Weekend Edition Sunday on NPR & Classical Music

Sunday from 6-10 AM
Hosted by: Audie Cornish

Whether revealing events in small-town America or overseas, or profiling notable personalities, Weekend Edition from Northwest Public Radio & NPR News appreciates the extraordinary details that make up every story. Join Bruce Bradberry and other Northwest Public Radio hosts for this two-hour weekend morning newsmagazine covering hard news, a wide variety of newsmakers, and cultural stories with care, accuracy, and a wink of humor.

Weekend Edition Sunday combines the news with colorful arts and human-interest features, appealing to the curious and eclectic. Conceived as a cross between a Sunday newspaper and CBS' Sunday Morning with Charles Kuralt, Weekend Edition Sunday features interviews with newsmakers, artists, scientists, politicians, musicians, writers, theologians and historians. The highlight for many listeners is the regularly scheduled puzzle segment with Puzzlemaster Will Shortz, the crossword puzzle editor of The New York Times.

With Bruce Bradberry at Northwest Public Radio  Visit Weekend Edition Sunday at NPR.org

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Afghanistan
3:09 am
Sun July 29, 2012

Disarming Afghan IEDs: Big Job, Too Few Trained

A student takes part in an exercise to disarm IEDs in Mazar-i-Sharif, Afghanistan.
Sean Carberry NPR

Originally published on Sun July 29, 2012 8:58 am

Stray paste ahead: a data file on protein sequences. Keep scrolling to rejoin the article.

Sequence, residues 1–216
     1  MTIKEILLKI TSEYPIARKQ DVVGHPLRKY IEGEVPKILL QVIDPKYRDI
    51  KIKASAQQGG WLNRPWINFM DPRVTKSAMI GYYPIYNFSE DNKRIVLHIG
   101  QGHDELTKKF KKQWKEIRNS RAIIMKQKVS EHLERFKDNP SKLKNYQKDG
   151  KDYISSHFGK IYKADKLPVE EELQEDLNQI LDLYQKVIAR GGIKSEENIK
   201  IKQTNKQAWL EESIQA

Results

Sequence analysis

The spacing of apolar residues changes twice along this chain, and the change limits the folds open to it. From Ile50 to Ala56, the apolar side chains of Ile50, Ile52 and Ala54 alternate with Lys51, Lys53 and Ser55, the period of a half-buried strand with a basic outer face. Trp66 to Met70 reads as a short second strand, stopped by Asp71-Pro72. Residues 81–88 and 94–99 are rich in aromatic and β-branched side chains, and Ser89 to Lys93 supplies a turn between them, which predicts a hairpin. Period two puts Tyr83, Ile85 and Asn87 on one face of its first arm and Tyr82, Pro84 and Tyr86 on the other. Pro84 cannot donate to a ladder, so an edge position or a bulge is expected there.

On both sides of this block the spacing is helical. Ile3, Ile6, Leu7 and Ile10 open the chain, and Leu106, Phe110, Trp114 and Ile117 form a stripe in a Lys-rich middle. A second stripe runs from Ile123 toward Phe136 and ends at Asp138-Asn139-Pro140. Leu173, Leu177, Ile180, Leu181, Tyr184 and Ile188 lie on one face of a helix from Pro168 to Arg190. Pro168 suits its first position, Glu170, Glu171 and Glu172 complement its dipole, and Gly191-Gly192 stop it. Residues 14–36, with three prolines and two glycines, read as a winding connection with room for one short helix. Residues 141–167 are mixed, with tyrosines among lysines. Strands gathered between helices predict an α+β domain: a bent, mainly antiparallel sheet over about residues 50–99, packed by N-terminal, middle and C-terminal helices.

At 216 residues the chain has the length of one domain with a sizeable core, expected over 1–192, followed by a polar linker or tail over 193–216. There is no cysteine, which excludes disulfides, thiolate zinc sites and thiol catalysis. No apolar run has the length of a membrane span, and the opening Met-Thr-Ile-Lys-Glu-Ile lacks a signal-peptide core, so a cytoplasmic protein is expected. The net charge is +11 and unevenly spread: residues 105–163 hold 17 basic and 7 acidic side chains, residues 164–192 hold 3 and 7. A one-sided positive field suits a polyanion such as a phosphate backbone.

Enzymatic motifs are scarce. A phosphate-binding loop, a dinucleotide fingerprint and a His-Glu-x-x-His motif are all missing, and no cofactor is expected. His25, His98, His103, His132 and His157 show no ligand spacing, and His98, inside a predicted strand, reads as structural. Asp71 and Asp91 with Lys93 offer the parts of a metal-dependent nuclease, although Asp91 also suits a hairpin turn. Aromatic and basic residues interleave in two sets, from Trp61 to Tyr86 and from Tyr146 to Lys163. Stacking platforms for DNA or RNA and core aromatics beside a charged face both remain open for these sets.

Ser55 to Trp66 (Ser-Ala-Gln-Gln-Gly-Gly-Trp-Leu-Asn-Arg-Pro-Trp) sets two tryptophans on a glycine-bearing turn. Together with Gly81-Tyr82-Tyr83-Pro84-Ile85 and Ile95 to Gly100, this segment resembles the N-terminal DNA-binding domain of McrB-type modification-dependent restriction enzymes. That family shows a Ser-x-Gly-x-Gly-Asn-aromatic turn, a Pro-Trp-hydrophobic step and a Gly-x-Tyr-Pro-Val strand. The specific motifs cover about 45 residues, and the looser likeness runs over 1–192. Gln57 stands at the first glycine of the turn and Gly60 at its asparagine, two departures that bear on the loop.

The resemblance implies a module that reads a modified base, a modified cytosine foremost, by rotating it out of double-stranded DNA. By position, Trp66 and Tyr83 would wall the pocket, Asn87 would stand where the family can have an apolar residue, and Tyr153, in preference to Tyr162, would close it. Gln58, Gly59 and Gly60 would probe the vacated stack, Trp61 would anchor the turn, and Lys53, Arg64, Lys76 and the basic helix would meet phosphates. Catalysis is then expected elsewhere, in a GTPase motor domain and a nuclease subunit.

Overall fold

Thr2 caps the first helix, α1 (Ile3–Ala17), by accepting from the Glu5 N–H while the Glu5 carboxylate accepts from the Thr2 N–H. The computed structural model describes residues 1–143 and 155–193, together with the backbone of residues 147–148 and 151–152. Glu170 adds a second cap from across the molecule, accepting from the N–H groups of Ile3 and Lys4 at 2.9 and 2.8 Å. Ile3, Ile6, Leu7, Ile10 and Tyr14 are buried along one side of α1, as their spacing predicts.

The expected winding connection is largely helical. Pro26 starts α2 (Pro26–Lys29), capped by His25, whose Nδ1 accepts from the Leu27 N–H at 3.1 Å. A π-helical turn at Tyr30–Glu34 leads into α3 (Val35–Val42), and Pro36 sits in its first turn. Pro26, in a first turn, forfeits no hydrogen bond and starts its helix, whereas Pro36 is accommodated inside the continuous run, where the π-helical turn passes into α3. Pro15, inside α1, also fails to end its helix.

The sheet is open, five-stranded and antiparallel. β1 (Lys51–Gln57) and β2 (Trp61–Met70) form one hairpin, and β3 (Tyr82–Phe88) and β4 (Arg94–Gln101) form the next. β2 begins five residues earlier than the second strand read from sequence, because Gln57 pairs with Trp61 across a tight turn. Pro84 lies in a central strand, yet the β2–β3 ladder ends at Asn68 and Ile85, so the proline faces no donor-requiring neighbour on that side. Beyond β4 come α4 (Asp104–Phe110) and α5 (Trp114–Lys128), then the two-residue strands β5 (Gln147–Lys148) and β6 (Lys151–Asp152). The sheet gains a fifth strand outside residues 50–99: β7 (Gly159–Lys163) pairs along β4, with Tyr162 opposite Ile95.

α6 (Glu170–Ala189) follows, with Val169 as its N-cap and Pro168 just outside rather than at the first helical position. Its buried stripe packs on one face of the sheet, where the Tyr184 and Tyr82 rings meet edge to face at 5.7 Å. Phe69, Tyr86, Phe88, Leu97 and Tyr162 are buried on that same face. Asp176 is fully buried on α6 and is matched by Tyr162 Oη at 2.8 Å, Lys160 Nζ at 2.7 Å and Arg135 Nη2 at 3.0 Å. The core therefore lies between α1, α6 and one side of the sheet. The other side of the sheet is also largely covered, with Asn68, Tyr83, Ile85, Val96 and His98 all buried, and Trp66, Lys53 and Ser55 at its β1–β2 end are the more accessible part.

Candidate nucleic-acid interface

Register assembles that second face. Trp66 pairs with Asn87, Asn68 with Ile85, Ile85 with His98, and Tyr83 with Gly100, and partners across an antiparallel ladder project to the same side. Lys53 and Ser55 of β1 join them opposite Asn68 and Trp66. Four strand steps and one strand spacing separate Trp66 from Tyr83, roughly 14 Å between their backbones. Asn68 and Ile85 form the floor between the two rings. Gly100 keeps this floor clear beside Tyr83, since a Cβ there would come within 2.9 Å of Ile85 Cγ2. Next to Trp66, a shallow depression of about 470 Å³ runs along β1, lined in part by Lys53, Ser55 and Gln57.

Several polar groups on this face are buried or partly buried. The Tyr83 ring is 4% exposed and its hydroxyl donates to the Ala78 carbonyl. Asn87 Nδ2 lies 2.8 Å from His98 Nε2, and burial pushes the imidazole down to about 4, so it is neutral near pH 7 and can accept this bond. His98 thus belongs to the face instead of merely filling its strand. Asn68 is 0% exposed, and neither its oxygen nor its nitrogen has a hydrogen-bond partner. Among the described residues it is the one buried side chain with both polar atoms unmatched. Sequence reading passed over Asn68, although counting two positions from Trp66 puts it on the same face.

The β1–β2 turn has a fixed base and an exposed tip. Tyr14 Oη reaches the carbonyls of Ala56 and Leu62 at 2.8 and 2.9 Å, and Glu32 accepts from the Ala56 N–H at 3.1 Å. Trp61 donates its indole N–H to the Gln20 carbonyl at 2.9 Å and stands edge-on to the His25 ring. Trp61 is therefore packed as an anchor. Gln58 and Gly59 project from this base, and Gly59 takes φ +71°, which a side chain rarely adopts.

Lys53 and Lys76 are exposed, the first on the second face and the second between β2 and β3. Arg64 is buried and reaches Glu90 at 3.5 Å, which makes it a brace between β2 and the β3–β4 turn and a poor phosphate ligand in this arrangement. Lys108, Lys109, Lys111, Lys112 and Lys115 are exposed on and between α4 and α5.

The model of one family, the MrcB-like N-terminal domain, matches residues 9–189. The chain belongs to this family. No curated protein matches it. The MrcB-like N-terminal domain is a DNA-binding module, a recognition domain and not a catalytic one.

Improvised explosive devices, or IEDs, remain one of the biggest killers in Afghanistan. As NATO forces prepare to withdraw from the country, Afghans are learning the special skills needed to find and disarm these deadly weapons.

The training area near the northern city of Mazar-i-Sharif is a large expanse of dirt and gravel, dotted with a few beat-up old taxis and scattered bunkers.

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Music Interviews
3:00 am
Sun July 29, 2012

Aerosmith's 'Sixth Member' Takes Center Stage

Russ Irwin has toured with Aerosmith for 15 years. His new solo record, Get Me Home, was released this May.
Courtesy of the artist

Originally published on Sun July 29, 2012 8:58 am

Imagine being able to rock a piano so well that Aerosmith wants you as its touring keyboardist. That's what happened to Russ Irwin, and he's been sharing the stage with Steven Tyler and Joe Perry for 15 years.

"I'm staring at their backsides," he tells NPR's David Greene. "It's an interesting place to be."

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Americandy: Sweet Land Of Liberty
2:59 am
Sun July 29, 2012

In New Mexico, A Brittle Treat That Smolders

Nut brittles from the Las Cruces Candy Company are studded with pecans, pistachios and almonds, and infused with New Mexico's signature chili peppers — both green and red.
Melisa Goh NPR

Originally published on Mon July 30, 2012 8:20 am

New Mexicans can get a little carried away with their chile peppers. There's chile beer, chile pizza, chile ice cream — you can find the smoldering flavors of chile peppers in just about anything.

And then there's chile brittle. Luis Flores, owner of chili brittle purveyor Las Cruces Candy Company, beats the summer heat by getting up at 3 a.m. to prepare his specialties.

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Election 2012
2:59 am
Sun July 29, 2012

Does Sen. Thune Have The Right Stuff For Romney?

Mitt Romney gets a kick out of South Dakota Sen. John Thune's comments during a January rally in Dubuque, Iowa.
Chip Somodevilla Getty Images

Originally published on Mon July 30, 2012 8:47 am

Mike Lee is one of the most conservative members of the Senate. The freshman Utah Republican was elected with strong Tea Party backing and, like Sen. John Thune of South Dakota, he's a man of the West.